FISP, the Foundation for Information Society Policy, has concerns about London’s broadband speeds - and calls on the city’s mayoral candidates to make a stand.
A huge number of Londoners are unhappy with their broadband speeds, research revealed, and FISP believes it's high time the capital becomes a 'gigabit city'.
"Demand for broadband capacity in London is growing rapidly, but the capital's broadband, based largely on old networks of copper wires, has a limited future," said David Brunnen, a telecoms infrastructure expert and FISP member. "This dangerous situation will diminish economic and societal growth in the future, unless London's incoming mayor is able and willing to take drastic action.
"Slow broadband has a particularly negative impact on those who are trying to work flexibly from home, and on small businesses and start-ups based in people's homes and reliant on speedy internet to run successful operations."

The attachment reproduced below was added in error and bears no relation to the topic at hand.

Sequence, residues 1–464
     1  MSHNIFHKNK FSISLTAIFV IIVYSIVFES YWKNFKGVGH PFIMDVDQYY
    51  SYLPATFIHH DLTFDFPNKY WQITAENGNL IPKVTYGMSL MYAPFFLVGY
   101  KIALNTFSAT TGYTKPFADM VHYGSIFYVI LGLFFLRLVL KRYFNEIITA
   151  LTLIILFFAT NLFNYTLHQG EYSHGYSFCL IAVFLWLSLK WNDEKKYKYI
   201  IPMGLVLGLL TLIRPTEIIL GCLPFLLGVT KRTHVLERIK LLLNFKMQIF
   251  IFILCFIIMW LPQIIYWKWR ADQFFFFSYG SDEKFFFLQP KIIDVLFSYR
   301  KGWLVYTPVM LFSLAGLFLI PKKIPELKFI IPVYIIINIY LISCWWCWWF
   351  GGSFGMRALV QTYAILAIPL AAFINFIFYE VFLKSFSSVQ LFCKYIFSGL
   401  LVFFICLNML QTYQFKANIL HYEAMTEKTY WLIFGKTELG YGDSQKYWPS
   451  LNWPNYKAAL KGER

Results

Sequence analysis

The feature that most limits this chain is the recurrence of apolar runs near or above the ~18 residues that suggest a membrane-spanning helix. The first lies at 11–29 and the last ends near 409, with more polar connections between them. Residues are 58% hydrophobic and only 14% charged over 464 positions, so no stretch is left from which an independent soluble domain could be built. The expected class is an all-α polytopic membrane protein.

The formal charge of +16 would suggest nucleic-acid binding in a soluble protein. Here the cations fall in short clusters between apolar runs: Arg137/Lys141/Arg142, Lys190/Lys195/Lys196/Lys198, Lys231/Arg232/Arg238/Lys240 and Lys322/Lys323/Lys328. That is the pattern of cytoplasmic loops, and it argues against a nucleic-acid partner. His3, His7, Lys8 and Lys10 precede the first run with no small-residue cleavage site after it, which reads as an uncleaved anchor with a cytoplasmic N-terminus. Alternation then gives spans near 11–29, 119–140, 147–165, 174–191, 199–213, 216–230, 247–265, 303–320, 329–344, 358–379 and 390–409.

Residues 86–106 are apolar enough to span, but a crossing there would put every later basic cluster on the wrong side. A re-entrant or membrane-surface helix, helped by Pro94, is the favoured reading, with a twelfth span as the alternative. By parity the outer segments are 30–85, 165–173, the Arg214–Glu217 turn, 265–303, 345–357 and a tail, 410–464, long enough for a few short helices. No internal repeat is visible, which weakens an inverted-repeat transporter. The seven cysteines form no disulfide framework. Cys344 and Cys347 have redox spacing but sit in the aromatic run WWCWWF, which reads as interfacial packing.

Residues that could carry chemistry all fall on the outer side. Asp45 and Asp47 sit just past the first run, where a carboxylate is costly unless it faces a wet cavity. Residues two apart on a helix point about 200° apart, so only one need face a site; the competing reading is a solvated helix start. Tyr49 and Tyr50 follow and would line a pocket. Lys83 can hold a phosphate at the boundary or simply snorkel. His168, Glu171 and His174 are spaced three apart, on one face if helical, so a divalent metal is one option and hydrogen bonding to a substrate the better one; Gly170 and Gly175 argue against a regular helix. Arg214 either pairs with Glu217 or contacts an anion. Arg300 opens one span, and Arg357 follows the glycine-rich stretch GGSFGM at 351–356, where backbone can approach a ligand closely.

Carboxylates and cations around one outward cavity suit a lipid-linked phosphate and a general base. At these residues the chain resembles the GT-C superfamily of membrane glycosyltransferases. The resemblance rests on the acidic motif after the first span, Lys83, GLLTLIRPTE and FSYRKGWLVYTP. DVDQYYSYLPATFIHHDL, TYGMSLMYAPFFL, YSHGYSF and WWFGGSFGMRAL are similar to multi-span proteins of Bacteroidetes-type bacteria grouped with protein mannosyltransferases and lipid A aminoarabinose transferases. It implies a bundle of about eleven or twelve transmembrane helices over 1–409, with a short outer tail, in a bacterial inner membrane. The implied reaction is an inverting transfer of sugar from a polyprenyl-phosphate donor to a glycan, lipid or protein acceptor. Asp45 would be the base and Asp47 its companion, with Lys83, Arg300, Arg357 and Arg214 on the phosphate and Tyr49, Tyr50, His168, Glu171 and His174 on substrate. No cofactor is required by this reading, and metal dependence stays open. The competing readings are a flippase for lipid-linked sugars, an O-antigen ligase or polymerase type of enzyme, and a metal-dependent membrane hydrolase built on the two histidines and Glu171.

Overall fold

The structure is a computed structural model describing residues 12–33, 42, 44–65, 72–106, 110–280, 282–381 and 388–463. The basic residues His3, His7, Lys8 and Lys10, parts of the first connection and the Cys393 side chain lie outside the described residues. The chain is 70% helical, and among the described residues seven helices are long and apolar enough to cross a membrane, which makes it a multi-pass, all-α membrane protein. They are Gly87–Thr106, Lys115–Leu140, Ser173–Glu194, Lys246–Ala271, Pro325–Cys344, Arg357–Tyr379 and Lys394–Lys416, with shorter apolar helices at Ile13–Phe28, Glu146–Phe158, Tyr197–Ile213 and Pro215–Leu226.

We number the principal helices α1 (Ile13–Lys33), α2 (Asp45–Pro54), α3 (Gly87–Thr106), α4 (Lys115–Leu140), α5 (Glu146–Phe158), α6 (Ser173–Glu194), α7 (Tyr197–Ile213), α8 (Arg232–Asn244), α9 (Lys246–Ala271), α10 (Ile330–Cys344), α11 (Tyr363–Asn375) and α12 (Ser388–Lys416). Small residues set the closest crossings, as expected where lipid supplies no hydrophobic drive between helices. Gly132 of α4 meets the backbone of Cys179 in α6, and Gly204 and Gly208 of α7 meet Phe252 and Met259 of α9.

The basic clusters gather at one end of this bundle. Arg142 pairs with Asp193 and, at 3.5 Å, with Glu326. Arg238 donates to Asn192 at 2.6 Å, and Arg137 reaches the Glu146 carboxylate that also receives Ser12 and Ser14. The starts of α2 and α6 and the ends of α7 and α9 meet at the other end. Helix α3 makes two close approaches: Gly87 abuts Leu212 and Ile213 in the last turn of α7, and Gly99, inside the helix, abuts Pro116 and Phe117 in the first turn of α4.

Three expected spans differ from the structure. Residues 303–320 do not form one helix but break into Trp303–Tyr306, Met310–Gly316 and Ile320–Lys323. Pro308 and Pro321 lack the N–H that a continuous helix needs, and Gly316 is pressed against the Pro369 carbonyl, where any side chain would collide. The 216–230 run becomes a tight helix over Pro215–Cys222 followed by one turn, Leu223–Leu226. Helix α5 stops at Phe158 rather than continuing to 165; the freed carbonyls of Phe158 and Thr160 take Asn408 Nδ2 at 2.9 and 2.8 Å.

According to a poll by YouGov, one in six Londoners - equating to 1.01 million adults - are unhappy with their broadband speed. Only one-third of respondents, and a quarter of 18 to 24-year-olds, think London is capable of meeting their broadband needs in the future.
The solution, FISP says, is to bring 1Gb broadband to the capital - something already present in more than 20 cities across the UK.
The society said in a statement: "FISP is challenging London's mayoral candidates to create a new infrastructure agency - Digital for Londoners (DfL) - dedicated to making London a 'Gigabit City' by 2020."
The case for making London a gigabit city is backed up by a number of prominent voices from the capital, including Jonathan Glanz of Westminster Council, the London Policy and Resources Committee, and the Federation of Small Businesses (FSB).
Sue Terpilowski OBE, London policy chair for the FSB, said: "Digital connectivity is critical for small businesses in the capital. Nearly a third of our members said that broadband was one of their top three priorities for the new Mayor."
UK cities that have already achieved gigabit status include Bristol, Coventry, Edinburgh, and York - perhaps it's time for London to join them.
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